Janice, a forty-four-year-old full-time schoolteacher, visited her doctor’s office complaining of fatigue, difficulty keeping up with the demands of her busy family of three children, lack of interest in sex with her husband, and irritable outbursts that were getting her into trouble at work and at home. ‘Up until six months ago I was feeling all right, particularly during the summer holidays’, she said. ‘But things went downhill, and by February, I knew I needed help. I can’t even sleep well. I keep waking up at four or five in the morning with a sick feeling in the pit of my stomach, as if I’ve done something terribly wrong.’
Janice’s doctor asked if anything had happened six months ago. Janice couldn’t recall anything very significant. She did remember being upset in June because of education cutbacks that meant she would have to work longer hours in a job that bored her. With her husband’s business not doing as well as they had hoped, she couldn’t afford to decrease her hours, and she admitted to being somewhat resentful about it.
Finally, though, something else came out. Janice said that her estranged father, who had left the family when she was eight because her mother could no longer tolerate his drinking, had come back into her life and was terminally ill. She remembered him being playful and fun when she was a little girl. He had always seemed to adore her, but she had seen very little of him after the breakup, and he had not helped with her expenses or schooling. Janice had had problems in her last year of university and had spent long periods in bed that winter, missing so many classes that she had almost failed. She had gone to the student health service but had been too embarrassed to talk about her problems.
Janice looked sad. Her eyes teared as she spoke, although she didn’t cry, and she seemed restless and uncomfortable. She had no makeup on, her hair was unwashed, and there was a stain on her blouse. The doctor was concerned about her dishevelled appearance and her obvious unhappiness.
Janice’s doctor began by getting as thorough a history as possible. The doctor let Janice tell her story in her own words, and went on to ask her when she had started feeling bad, what events such as life changes or illnesses had been going on at the time, if there were any medical illnesses or drug therapies that might coincide with the onset of her feeling low. How incapacitated had she become? Was she eating and sleeping? Was she able to get up and dressed in the morning? Was she still able to work? Did she still enjoy her regular activities in the evening? What had she tried to do so far to make herself feel better? And, most important, did she feel so bad that she’d lost hope and thought of killing herself?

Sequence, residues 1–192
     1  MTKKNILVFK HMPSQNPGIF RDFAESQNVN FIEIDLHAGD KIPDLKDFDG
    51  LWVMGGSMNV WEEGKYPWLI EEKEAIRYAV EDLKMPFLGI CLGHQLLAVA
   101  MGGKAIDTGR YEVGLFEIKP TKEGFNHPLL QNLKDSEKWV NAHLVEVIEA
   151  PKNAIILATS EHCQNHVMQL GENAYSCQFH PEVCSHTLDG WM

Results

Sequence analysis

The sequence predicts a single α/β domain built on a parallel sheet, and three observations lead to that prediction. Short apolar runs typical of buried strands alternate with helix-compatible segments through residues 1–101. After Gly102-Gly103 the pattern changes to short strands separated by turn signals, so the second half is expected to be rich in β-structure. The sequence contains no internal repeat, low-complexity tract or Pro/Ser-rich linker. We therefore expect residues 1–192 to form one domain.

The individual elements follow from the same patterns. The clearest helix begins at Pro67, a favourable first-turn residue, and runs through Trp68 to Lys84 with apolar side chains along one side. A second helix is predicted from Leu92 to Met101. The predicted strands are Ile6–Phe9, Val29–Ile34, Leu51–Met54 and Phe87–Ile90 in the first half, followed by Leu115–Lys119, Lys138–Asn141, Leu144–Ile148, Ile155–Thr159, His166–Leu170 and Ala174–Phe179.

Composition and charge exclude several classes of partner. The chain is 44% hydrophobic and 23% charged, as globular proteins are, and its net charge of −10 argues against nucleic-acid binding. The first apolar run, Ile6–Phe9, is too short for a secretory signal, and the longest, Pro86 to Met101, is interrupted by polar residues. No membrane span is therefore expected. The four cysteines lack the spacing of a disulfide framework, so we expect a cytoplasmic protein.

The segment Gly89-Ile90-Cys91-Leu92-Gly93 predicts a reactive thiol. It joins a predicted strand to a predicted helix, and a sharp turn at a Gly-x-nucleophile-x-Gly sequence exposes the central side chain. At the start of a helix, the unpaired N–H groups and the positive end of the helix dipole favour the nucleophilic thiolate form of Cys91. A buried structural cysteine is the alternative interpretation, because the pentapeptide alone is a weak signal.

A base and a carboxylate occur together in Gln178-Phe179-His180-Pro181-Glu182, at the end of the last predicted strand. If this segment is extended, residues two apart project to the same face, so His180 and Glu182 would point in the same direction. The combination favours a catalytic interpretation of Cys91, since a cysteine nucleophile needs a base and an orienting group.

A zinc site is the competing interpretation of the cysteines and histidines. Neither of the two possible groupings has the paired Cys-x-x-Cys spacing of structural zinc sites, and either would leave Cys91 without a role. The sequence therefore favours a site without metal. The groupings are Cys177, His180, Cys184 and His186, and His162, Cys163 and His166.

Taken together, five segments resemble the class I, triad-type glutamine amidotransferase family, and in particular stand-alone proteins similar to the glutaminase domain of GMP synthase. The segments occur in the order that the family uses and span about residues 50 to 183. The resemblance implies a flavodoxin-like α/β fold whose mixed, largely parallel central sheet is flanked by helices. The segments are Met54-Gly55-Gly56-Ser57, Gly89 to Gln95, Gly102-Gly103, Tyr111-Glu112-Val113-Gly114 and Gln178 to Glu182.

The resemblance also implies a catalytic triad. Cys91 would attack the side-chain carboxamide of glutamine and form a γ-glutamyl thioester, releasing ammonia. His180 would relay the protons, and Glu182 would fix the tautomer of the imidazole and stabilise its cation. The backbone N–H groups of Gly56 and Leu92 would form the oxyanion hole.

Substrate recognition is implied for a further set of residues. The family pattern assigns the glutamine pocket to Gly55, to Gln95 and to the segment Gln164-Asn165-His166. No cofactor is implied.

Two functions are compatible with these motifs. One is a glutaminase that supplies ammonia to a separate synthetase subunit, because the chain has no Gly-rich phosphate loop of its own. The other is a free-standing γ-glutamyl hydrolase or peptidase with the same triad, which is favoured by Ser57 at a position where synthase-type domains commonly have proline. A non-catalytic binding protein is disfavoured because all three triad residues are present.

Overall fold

The doctor also inquired about other bouts of psychiatric illness, and any allied symptoms, such as panic attacks or obsessive-compulsive symptoms. ‘Do you have a feeling as if something terrible is going to happen, and you break out in perspiration, and your heart starts beating fast? Do you find you can’t leave the house without checking the cooker and the door over and over, or do you start to badger yourself about saying the wrong thing or not doing something you should have, and you can’t let it go?’ The doctor asked about physical ailments such as headache, chest pain, stomach pain, or excessive drinking. ‘What sort of person were you before you became sick – were you outgoing and sociable or quiet and retiring?’
Then Janice’s doctor looked for illness in the family. Had any relatives related by blood – such as mother, father, grandparents, aunts and uncles, brothers, sisters, children, nieces and nephews – been treated or hospitalized for depression or anxiety? Were there hints of suicides and alcoholism? In many families, these illnesses are kept secret out of embarrassment. The doctor also checked for less obvious symptoms. Were Janice’s parents moody, outgoing, crotchety, withdrawn? Were they able to form relationships, hold down jobs, participate in the community? These are all signs of healthy functioning. The doctor asked about early losses, chronic illnesses, and neglect by her parents in childhood. Eventually, based on all this information and more, Janice was diagnosed as having a major depressive episode – a common and serious form of depression.
This may seem like a lot of information to ask someone who doesn’t feel like talking, but people can be amazingly open when they first come for help. In many cases, the first session produces all the information the doctor needs for the rest of the therapy. The facts learned later are like commentary on the first session.
A good medical and physical examination is done to rule out any contributing medical illnesses. Ideally, the physical examination should be done by a doctor who won’t be counseling the person. There might be valid reasons for this. Many depressed people have had unpleasant and physically intrusive experiences with caregivers in the past, and the examination may feel invasive and uncomfortable. This option of different doctors is often not available, so the family doctor may do both the physical examination and the psychotherapy.